Q&A With Dr. Rui Chen: Using the MERSCOPE® Platform to Research Retinal Diseases
Having commercially launched the MERSCOPE® Platform in January 2022, we are thrilled to announce the installation of our 100th instrument less than 2 years later. This milestone spatial genomics platform was recently installed in the Single Cell Genomics Core led by Dr. Rui Chen at the Baylor College of Medicine Department of Molecular and Human Genetics in Houston, Texas. (Figure 1)
FIGURE 1: Dr. Rui Chen (left) and Vizgen CEO Terry Lo (right) standing next to the new MERSCOPE instrument in Dr. Chen’s Core laboratory at the Baylor College of Medicine.
The Core at BCM is no stranger to Vizgen’s industry-leading spatial genomics platform, having been one of the earliest adopters of MERSCOPE. The lab utilized one of Vizgen’s Alpha units to create a mouse retina spatial cell atlas at single-cell resolution, going on to publish their studies leveraging this technology in journals such as Nature Communications, Genome Biology, and Cell Genomics. Dr. Chen’s latest research, where his lab profiled over 100,000 cells in the mouse retina, is currently available as a preprint on BioRxiv.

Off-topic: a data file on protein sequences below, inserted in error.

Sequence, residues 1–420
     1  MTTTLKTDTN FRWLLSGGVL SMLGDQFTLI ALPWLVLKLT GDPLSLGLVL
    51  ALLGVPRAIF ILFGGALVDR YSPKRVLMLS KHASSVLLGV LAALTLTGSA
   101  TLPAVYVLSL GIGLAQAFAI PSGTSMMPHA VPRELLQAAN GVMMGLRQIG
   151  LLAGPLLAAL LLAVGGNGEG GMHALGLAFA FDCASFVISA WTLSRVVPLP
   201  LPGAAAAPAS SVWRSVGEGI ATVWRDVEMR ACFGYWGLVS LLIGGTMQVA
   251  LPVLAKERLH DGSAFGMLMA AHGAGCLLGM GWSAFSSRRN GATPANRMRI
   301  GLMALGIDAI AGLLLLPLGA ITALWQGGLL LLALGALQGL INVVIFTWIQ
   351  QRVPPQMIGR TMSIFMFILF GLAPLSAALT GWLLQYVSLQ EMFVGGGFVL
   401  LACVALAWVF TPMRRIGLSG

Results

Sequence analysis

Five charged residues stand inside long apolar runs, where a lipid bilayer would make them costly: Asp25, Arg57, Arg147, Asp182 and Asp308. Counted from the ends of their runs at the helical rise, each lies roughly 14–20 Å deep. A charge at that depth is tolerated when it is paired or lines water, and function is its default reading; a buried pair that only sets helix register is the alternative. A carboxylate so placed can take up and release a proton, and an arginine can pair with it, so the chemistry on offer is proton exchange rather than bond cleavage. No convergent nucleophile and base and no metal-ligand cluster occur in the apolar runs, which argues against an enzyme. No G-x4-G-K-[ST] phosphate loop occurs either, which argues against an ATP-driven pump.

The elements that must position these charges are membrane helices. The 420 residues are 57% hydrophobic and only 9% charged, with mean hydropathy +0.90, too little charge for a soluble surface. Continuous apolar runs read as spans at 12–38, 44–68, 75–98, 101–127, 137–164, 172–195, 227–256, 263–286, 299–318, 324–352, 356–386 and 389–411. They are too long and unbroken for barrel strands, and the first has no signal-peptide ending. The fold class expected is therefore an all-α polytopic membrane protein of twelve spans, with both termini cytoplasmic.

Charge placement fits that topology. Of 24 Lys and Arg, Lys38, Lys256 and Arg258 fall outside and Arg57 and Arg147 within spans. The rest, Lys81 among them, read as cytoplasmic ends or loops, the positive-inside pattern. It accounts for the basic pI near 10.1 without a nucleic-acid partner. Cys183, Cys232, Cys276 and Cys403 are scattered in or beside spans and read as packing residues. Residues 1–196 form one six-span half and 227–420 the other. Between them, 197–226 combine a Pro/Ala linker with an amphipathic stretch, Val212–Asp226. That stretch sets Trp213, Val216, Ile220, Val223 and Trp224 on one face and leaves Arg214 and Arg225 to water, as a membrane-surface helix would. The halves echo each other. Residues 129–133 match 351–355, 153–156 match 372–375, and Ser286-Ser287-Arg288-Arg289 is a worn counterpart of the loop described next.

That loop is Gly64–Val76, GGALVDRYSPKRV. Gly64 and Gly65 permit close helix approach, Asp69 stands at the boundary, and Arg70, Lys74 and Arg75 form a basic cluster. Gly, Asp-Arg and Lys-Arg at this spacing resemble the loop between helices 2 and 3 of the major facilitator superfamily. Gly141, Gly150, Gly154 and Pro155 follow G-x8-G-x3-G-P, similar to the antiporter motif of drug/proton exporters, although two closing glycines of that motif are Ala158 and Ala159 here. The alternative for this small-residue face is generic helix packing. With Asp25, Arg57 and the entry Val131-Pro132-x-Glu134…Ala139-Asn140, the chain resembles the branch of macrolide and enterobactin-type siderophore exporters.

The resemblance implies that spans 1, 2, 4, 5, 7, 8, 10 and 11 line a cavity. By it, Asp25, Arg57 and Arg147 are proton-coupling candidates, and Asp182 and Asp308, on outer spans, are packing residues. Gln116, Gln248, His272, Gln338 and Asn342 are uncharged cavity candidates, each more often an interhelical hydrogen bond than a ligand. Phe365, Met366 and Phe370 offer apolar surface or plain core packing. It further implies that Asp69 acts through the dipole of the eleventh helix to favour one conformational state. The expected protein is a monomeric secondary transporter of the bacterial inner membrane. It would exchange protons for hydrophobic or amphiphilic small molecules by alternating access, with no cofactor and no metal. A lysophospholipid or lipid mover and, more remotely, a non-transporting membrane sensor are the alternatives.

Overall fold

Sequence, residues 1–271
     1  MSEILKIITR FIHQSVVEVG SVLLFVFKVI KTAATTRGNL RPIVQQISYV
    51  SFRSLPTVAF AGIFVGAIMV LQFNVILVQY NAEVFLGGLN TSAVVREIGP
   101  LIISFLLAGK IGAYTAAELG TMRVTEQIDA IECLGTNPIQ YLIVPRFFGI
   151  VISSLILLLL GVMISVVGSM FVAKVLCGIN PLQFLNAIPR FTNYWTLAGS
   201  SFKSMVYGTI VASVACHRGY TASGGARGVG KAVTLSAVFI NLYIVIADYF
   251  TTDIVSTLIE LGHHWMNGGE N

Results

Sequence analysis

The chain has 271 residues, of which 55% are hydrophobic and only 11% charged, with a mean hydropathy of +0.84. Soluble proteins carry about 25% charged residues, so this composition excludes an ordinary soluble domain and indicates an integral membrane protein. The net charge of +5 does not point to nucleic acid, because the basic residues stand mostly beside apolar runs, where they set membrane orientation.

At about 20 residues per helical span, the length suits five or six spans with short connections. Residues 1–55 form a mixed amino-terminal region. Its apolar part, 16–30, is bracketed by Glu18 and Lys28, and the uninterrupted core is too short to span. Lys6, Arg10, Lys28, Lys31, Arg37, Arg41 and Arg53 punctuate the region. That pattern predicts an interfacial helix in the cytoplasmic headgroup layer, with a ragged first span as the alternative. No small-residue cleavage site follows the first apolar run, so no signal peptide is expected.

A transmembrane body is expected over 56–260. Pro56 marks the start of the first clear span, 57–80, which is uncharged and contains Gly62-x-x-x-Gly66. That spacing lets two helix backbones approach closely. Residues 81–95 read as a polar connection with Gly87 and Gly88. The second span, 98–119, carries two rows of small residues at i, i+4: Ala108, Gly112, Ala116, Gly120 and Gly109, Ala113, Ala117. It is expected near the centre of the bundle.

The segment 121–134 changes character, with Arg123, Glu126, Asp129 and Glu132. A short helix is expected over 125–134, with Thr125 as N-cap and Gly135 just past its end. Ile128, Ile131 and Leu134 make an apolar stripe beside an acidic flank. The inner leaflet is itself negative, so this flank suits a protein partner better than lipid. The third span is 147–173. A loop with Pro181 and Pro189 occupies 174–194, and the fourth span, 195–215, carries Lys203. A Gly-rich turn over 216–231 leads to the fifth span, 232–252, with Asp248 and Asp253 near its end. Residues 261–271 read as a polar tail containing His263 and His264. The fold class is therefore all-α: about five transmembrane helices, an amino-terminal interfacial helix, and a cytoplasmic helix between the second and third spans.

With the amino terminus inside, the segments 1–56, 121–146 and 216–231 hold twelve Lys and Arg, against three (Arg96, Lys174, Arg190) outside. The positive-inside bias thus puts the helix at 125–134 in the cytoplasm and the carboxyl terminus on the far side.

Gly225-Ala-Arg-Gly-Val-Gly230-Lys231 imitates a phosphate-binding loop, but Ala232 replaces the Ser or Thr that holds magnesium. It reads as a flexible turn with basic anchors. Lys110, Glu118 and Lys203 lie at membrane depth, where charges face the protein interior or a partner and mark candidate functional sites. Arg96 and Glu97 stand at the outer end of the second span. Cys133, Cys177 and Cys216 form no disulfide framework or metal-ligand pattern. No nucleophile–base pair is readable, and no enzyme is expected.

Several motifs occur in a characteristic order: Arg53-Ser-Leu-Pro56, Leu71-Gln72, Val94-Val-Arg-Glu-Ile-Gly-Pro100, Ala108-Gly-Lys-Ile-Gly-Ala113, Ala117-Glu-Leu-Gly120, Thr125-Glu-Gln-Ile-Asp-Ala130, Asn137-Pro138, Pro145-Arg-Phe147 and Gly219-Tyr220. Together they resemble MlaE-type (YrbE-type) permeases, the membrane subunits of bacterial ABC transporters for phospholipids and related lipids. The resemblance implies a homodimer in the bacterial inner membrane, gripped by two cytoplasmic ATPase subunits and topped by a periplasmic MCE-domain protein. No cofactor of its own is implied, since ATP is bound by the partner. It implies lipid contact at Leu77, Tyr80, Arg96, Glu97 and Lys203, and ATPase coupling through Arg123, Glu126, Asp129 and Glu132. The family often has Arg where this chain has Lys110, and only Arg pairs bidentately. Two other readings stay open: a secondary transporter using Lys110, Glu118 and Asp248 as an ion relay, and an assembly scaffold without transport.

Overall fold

While installing the instrument, Vizgen CEO Terry Lo had the opportunity to sit down with Dr. Chen and discuss his work as well as his thoughts on the impact of spatial genomics on the research community:
Terry: Tell us a bit about the research you and your group are doing here at Baylor College of Medicine
Dr. Chen: We are interested in looking at the relationship between genetic variation and disease, and we’re taking an interdisciplinary approach using innovative methods in genetics and single-cell omics, as well as computational imaging tools to understand the connections.
This is a very big question to address – with over 30 million variants in the human genome, how can we know which ones are important? We use the visual system as a model, and we’re focusing on advancing our ability to identify, assess and predict genetic variants with functional consequences. Our aim is to characterize the genetic factors that underly neural diseases in the visual system, including both inherited and age-related degenerative retinal diseases.
Our highest priorities are the identification of genes and mutations that underly human diseases, the investigation of transcriptomic and epigenetic changes during development and disease at single-cell resolution, and the development of novel therapeutics – including gene therapy, genome editing, and neural regeneration.
Terry: How important is spatial genomics to your work?
Dr. Chen: The great thing about spatial genomics is that it introduces a novel data modality to the omics sphere, enhancing and broadening the scope of existing technologies and opening up a plethora of potential applications capable of addressing a multitude of research questions that spark our interest. These range from understanding tissue patterning and probing cellular interactions to deciphering connections between cells and their microenvironments. I firmly believe that spatial genomics serves as a driving force that will propel our research forward.
Terry: How did you first hear about Vizgen’s MERSCOPE® Platform?